“That was a naughty thing you did to Wort and Thistle,” Willow said, deftly pulling mint leaves from their stems. “They were scared half to death.” She dropped the leaves in the small bowl in Rose’s paws.

“They deserved it,” the young rabbit said defiantly.

“I’m sure they did,” she said. “But using what they fear against them. I wouldn’t have expected that of you.”

Rose’s ears sagged with shame. She could still hear the kits teasing her. Talk to the trees, Rose, they taunted. I’ll bet that ugly stump over there is where you were born!

And then it happened. The faint tendrils of light she could sometimes see threading through the roots and leaves around her flared bright and clear like the highsun streaming through the trees. She bent her will against that web, drawing it tighter and tighter around the rabbits as they yelled and begged. It took the better part of the afternoon to untangle them from the dense knot of thickets. Rose ran, pursued both by the fear and thrill of what she had done until she reached Willow’s burrow.

“You can grind those now,” Willow said. Rose picked up a worn wooden pestle from the table and slowly pressed them against the leaves in the bowl. The bright fragrance sprang to her nose, at once calming and invigorating.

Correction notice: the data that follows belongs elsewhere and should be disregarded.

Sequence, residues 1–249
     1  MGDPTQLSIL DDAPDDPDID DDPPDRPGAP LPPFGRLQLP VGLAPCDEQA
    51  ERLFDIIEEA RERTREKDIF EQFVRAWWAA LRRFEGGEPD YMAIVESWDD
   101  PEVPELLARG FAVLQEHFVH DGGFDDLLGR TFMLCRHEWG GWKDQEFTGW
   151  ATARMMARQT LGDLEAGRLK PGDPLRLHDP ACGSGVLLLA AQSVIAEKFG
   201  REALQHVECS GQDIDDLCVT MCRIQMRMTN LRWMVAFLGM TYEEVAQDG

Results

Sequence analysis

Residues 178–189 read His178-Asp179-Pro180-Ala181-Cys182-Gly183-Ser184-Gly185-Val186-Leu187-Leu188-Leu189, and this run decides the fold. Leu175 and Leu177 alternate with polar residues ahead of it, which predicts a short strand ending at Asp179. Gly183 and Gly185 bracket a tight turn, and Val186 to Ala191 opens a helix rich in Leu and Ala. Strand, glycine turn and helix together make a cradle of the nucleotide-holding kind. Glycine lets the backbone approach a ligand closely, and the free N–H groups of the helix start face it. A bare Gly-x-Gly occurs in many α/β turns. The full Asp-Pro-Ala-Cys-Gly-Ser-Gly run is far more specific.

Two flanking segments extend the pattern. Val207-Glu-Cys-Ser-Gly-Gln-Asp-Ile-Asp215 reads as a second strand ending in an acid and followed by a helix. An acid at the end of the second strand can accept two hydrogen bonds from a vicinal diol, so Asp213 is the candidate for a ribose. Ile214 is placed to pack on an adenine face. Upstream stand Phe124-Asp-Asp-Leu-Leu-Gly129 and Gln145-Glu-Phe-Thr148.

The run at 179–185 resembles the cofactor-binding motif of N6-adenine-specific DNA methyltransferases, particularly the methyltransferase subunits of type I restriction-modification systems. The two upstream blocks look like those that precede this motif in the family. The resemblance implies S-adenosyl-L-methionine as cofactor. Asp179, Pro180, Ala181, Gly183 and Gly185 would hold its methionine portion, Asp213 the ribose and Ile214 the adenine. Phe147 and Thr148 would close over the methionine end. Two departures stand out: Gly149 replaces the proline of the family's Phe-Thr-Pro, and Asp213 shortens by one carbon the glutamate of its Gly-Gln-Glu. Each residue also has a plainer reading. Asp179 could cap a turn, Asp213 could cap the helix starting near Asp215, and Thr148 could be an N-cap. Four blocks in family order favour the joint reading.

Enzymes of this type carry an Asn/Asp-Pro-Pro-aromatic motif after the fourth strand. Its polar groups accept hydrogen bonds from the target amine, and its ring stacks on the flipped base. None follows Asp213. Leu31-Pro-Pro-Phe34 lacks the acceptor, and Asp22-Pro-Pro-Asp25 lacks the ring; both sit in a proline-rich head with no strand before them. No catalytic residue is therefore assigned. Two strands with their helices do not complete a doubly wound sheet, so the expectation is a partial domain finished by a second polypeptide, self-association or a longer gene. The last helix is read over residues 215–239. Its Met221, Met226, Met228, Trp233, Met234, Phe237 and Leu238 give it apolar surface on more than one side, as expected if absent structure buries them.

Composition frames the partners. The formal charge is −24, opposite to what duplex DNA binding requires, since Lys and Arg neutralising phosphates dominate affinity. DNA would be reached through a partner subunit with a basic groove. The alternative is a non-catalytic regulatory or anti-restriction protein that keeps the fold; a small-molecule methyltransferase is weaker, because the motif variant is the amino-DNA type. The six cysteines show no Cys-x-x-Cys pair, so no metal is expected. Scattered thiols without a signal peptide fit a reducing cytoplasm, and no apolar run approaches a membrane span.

“What if I am what Alder says,” Rose asked. “A tangleroot?”

“So what if you are?”

“He said they used to be the most respected rabbits in all of Oakheart,” she said. “That means Wort and Thistle should respect me too.”

“You can give them a reason to respect you or make them fear you,” Willow said. “You can’t have both. ” She walked over to the hearth and hung a small pot of water over the fire.
Rose finished grinding the mint and placed the bowl on the table. “How do I make them respect me?”

“You earn it,” Willow said. “By mastering this gift you’ve been given.”

“I don’t know how,” Rose said.

Willow turned to her shelves and pulled down a bowl of dried stems, leaves and roots and put them on the table.

“What do you see here?”

“I don’t know,” Rose said, looking at the shriveled remnants. “They’re just leftovers. What are they for?”

“You don’t know, but I do,” Willow said. “In the same way, you don’t know what you are for. And one day you shall.” She scooped the stems of mint from the table, placed them in the bowl, and dropped everything into the pot of water.

“Others will not see your use unless you become something more than you seem. Everything has a purpose if you take the time to learn what it is.”

Soon a strange, sweet smell began to curl from the pot. Forgotten and unused, the remains of what Rose would have discarded became something surprising and wonderful. Suddenly, for the first time, she found herself curious, even eager, to know what it might be.